"We are so fortunate to have this work by Taryn Simon on view at the George Eastman Museum," said Lisa Hostetler, curator in charge, Department of Photography, George Eastman Museum. "Birds of the West Indies is a trenchant visual exploration of the circulation and repetition of Bond elements that functions as a theme-and-variations about pleasure, desire, and fantasy in contemporary culture, while Field Guide to Birds of the West Indies draws attention to an incidental through line in the films-the presence of birds-that circles back to the etymology of the franchise's most iconic figure. Together, the two parts of the series activate a chain reaction of associations that is both sharply intelligent and fun."

To accompany the exhibition, there is a fully illustrated publication, Taryn Simon: Birds of the West Indies (Hatje Cantz, 2013), which includes an essay by Daniel Baumann. The book is available for purchase at the Eastman Museum store.

Related Programming

Members' Preview
Thursday, February 11, 6-8 p.m.

Opening remarks by Lisa Hostetler, curator in charge, Department of Photography, at 6 p.m. in the Dryden Theatre. Reception to follow, including a cash bar. Refreshments will be available for purchase from the museum's cafe. Admission is free for members, and $15 for nonmembers.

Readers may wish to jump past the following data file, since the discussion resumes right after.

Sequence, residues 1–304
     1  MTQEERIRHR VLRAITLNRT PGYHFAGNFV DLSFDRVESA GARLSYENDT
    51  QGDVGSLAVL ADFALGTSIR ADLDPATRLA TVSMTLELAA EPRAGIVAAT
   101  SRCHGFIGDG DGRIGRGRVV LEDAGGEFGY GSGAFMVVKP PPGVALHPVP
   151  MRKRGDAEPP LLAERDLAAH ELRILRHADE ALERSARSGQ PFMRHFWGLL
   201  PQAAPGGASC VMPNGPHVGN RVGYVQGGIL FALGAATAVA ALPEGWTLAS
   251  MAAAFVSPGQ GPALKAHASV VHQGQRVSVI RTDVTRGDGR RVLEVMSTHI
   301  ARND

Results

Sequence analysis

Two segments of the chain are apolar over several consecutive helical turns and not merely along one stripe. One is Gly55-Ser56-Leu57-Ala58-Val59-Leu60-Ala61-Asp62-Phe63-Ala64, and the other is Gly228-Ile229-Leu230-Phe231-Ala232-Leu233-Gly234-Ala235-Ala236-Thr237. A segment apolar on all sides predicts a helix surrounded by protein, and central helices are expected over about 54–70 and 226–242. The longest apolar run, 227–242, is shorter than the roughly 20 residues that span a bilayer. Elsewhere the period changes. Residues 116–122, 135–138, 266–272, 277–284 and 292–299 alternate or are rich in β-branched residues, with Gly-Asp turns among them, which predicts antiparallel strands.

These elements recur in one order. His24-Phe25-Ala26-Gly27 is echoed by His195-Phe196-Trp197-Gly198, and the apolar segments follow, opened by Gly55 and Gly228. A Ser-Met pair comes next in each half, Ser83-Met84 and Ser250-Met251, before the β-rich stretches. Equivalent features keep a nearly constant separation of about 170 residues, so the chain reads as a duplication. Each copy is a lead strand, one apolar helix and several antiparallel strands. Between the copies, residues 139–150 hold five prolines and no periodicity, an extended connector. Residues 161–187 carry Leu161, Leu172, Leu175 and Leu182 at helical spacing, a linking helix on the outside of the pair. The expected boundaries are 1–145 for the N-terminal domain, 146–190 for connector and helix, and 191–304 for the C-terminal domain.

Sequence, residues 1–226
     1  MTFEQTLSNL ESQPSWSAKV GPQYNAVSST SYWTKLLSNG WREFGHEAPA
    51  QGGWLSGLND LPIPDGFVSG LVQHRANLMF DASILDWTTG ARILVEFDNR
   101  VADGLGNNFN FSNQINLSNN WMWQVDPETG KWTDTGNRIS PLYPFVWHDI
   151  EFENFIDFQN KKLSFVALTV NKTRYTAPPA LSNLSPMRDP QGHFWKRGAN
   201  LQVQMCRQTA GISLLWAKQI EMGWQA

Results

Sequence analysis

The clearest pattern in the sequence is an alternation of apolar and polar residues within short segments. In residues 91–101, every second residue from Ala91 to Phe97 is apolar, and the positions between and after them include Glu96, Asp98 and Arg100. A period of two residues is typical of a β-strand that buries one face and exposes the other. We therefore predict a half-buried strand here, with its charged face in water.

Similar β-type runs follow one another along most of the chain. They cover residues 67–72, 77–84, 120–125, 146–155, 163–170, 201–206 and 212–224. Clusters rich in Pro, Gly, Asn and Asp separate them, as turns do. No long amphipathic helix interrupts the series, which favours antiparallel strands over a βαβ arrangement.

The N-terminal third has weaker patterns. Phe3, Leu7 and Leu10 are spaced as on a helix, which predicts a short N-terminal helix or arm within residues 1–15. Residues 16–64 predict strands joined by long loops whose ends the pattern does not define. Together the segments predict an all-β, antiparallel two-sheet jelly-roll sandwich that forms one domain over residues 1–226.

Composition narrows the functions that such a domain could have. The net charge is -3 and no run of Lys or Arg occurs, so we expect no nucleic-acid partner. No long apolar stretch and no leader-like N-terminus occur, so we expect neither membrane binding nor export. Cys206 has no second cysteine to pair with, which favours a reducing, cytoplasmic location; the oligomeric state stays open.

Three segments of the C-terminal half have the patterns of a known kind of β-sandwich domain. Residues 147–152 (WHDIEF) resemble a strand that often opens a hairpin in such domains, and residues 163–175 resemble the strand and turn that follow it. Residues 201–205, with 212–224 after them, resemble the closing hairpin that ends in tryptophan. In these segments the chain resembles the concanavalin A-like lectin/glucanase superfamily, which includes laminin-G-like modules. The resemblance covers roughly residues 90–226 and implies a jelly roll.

Artist's Talk
Wednesday, April 27, 6 p.m.

Taryn Simon will discuss her work on view at the Eastman Museum in this talk in the Dryden Theatre. Admission is free for members, $10 for nonmembers, and $5 for students with a valid ID. The exhibitions will remain open until 8 p.m.

Dryden Theatre Film Series: James Bond & Other Spies
March 2-May 28

To complement the exhibition Birds of the West Indies, the Dryden Theatre has curated a series of eighteen spy films-thirteen from the Bond franchise along with five other genre classics of the twentieth century. Among the several incarnations of Ian Fleming's international superspy, the series features the two most popular: Sean Connery and Roger Moore. The series begins on March 3 with Mata Hari (George Fitzmaurice, US 1931) and concludes on May 28 with A View to Kill (John Glen, US 1985). For a full list of film titles and dates, visit eastman.org/dryden.